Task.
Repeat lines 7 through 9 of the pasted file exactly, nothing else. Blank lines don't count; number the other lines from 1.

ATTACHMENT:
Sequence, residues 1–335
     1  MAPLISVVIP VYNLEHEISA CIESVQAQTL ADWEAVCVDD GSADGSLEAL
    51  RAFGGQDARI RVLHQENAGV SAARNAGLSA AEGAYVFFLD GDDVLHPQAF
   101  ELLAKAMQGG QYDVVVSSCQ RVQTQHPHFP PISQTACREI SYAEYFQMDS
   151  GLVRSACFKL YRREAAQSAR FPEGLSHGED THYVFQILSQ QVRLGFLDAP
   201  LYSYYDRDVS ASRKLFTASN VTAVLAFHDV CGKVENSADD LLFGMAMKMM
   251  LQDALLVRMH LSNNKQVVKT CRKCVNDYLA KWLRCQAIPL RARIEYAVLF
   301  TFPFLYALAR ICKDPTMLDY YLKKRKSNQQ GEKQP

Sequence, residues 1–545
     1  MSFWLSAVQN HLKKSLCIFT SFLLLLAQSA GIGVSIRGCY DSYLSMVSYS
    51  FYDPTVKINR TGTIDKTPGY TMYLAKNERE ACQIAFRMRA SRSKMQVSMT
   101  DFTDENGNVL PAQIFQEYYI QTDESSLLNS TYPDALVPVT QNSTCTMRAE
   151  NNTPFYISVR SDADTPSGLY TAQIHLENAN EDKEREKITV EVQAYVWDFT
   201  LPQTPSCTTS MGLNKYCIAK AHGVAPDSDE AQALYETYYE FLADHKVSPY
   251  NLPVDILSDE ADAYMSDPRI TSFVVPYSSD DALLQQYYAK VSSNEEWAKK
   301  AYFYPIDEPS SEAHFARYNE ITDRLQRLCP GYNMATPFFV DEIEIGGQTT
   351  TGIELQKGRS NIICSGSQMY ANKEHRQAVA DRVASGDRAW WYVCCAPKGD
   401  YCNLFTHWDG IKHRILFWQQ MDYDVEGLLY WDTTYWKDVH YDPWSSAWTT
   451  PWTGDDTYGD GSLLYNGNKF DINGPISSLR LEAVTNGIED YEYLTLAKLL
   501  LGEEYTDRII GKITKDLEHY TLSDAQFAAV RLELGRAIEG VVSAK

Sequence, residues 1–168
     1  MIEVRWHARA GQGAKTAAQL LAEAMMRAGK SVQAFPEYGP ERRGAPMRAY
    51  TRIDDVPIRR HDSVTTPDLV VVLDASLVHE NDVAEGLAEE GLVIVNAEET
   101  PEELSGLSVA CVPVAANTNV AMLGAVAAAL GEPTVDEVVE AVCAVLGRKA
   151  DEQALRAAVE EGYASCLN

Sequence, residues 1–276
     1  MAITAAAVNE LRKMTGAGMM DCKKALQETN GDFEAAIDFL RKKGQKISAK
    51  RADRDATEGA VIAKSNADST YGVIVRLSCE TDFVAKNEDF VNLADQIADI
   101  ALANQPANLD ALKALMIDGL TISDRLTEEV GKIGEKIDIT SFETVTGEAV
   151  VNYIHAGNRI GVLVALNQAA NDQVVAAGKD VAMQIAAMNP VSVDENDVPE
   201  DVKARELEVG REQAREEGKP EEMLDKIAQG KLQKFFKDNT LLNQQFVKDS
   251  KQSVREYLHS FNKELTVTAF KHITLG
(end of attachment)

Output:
   251  LQDALLVRMH LSNNKQVVKT CRKCVNDYLA KWLRCQAIPL RARIEYAVLF
   301  TFPFLYALAR ICKDPTMLDY YLKKRKSNQQ GEKQP

Sequence, residues 1–545